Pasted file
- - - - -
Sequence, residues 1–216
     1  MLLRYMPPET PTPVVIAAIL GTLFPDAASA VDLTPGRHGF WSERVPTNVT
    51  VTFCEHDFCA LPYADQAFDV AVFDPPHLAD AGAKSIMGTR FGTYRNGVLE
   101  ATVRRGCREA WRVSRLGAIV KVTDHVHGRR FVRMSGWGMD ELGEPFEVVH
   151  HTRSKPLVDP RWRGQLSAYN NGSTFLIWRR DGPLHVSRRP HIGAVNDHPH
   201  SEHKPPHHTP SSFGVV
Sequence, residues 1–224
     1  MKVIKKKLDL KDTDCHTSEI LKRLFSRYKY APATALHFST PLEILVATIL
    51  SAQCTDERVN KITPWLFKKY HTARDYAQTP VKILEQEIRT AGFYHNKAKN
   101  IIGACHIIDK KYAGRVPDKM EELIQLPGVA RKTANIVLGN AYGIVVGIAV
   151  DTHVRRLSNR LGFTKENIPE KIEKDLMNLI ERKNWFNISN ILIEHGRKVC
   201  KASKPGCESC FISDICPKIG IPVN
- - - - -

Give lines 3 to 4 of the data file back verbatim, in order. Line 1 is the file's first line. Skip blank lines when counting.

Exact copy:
    51  VTFCEHDFCA LPYADQAFDV AVFDPPHLAD AGAKSIMGTR FGTYRNGVLE
   101  ATVRRGCREA WRVSRLGAIV KVTDHVHGRR FVRMSGWGMD ELGEPFEVVH